The Populist Crossfire

Having won a decisive victory in 2008 with a new electorate of Obama voters, it appears Democrats are now, after spending a year on health care reform, caught in a crossfire of white, middle-class anxiety.

Ronald Brownstein chronicles this problem for Democrats in his latest National Journal column, "The Populist Crossfire." For the White House, health care reform was more about helping middle-class Americans who already have insurance than it was about bringing coverage to the poor, Brownstein notes, but Democrats now face a populism that accuses them of being too friendly both to the "less deserving" and to fat-cats. Brownstein writes:

But whites still cast about three-quarters of votes. And if most remain convinced that health reform primarily benefits the poor and uninsured, Democrats could find themselves caught in an unusual populist crossfire during this fall's elections.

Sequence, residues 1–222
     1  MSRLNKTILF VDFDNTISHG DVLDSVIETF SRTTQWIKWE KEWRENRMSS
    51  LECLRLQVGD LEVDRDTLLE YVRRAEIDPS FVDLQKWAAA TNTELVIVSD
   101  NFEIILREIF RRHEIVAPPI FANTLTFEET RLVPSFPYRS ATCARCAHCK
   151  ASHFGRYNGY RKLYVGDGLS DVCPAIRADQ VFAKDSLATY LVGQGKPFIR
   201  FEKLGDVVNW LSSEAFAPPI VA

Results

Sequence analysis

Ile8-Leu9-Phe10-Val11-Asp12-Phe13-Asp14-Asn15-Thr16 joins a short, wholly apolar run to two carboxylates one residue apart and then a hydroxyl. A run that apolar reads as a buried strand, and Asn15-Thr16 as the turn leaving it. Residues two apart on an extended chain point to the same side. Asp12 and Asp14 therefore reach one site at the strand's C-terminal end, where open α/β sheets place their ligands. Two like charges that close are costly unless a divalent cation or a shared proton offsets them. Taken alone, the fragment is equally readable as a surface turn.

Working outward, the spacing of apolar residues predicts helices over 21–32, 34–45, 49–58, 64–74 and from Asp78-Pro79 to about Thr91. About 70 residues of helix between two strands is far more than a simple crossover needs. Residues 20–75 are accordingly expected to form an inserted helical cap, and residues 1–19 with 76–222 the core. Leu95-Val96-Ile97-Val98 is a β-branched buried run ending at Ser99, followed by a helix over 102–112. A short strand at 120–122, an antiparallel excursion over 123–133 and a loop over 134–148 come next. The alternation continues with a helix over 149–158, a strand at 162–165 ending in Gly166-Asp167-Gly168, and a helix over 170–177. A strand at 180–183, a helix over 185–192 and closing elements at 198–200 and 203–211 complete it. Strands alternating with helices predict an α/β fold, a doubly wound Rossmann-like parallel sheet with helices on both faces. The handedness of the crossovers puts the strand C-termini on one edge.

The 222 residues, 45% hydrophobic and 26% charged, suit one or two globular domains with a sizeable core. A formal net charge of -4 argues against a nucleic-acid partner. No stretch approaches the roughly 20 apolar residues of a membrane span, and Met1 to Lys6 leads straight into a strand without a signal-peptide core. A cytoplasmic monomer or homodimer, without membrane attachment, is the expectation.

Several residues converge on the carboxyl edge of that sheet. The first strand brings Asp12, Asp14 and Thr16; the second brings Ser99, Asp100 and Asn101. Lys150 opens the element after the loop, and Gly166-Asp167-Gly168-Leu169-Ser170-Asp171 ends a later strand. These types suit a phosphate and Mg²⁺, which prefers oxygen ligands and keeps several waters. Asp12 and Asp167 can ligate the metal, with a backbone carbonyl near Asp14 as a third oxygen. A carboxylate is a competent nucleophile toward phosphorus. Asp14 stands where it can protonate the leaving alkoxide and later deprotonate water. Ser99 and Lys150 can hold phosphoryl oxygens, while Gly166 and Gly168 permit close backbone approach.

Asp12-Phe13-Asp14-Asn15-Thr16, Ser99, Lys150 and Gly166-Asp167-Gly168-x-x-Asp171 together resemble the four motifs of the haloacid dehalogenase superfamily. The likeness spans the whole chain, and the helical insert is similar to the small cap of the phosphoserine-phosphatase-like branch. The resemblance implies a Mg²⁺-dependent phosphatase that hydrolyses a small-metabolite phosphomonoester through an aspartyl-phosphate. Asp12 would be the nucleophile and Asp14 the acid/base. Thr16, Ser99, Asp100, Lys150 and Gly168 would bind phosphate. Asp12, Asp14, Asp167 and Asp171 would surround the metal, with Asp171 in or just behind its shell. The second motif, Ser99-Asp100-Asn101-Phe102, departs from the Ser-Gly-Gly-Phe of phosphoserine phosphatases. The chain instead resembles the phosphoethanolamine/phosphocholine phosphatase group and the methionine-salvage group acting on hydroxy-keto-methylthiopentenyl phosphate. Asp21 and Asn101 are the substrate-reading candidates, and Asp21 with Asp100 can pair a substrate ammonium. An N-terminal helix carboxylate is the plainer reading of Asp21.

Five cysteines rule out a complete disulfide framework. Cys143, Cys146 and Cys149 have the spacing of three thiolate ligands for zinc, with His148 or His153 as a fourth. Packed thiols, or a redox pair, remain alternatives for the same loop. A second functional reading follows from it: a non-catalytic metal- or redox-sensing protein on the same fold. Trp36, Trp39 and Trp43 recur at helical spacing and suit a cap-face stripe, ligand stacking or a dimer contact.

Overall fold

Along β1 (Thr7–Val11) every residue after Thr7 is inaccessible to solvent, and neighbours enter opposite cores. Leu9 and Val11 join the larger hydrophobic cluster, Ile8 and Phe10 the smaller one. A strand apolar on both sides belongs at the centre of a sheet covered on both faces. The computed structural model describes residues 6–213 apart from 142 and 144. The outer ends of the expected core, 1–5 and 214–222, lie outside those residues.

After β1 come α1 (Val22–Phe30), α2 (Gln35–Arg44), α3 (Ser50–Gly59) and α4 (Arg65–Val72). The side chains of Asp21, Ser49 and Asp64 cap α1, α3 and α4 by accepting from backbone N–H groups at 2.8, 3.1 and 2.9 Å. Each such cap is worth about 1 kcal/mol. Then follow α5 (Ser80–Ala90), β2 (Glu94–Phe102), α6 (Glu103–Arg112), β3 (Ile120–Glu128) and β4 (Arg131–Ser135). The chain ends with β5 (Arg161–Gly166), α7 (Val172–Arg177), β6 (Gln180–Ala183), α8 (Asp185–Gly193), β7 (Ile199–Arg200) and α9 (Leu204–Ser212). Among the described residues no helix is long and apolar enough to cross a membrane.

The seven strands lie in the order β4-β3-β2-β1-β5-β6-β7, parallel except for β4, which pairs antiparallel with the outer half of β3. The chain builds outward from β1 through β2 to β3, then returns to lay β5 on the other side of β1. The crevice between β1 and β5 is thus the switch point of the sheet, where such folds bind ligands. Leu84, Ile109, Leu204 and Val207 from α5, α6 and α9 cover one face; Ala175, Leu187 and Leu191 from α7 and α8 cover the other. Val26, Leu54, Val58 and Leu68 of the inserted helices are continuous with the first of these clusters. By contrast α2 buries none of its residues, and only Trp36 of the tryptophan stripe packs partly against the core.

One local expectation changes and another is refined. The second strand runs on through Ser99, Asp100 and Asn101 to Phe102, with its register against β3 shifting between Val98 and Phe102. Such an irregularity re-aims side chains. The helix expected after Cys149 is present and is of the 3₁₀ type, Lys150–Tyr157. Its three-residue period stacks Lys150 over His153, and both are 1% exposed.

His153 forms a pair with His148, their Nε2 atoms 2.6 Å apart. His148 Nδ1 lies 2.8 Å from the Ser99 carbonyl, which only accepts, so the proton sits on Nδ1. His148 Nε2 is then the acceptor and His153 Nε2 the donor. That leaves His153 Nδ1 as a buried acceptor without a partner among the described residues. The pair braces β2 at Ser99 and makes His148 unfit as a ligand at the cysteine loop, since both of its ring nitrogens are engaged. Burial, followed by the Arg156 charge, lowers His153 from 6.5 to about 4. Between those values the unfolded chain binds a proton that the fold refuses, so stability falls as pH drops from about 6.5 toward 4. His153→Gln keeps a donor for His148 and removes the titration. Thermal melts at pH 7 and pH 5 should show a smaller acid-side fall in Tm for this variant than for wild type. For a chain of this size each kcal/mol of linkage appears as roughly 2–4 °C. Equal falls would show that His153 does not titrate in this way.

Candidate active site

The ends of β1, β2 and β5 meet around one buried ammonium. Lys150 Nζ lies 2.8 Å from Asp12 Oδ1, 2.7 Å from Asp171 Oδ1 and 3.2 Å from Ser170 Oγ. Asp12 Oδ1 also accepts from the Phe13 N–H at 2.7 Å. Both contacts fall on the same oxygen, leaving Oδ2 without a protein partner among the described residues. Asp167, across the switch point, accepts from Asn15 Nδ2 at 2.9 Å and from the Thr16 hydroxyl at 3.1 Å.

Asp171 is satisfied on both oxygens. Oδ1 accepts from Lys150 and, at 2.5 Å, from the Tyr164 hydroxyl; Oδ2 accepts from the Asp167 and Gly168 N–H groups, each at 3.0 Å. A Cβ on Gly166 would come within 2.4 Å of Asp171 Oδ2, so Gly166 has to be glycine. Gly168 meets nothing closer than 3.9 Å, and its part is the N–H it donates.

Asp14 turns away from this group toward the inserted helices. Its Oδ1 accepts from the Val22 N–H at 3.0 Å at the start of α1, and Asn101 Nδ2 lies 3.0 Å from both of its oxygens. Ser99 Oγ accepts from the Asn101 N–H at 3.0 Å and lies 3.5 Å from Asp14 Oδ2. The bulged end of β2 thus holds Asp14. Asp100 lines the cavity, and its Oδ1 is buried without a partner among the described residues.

Obama has already been hurt by the perception, fanned by Republicans, that the principal beneficiaries of his efforts to repair the economy are the same interests that broke it: Wall Street, big banks, and the wealthy. The belief that Washington has transferred benefits up the income ladder is pervasive across society but especially pronounced among white voters with less than a college education, the group that most resisted Obama in 2008. Now health care could threaten Democrats from the opposite direction by stoking old fears, particularly among the white working class, that liberals are transferring income down the income ladder to the "less deserving."

The solution, Brownstein writes: pass financial reform, and play up the segments of health care reform that most help people who already have coverage.

Economic populism--particularly that coming from the tea party movement (which seems to be led, to a significant extent, by small business people and assorted bourgeois elite, and followed to a significant extent by working-class whites)--is the major current in American politics that figures, right now, to play out in November's elections. The White House's response to it will be critical, and, according to Brownstein, it will entail the sale of financial and health reform to the public as fall approaches.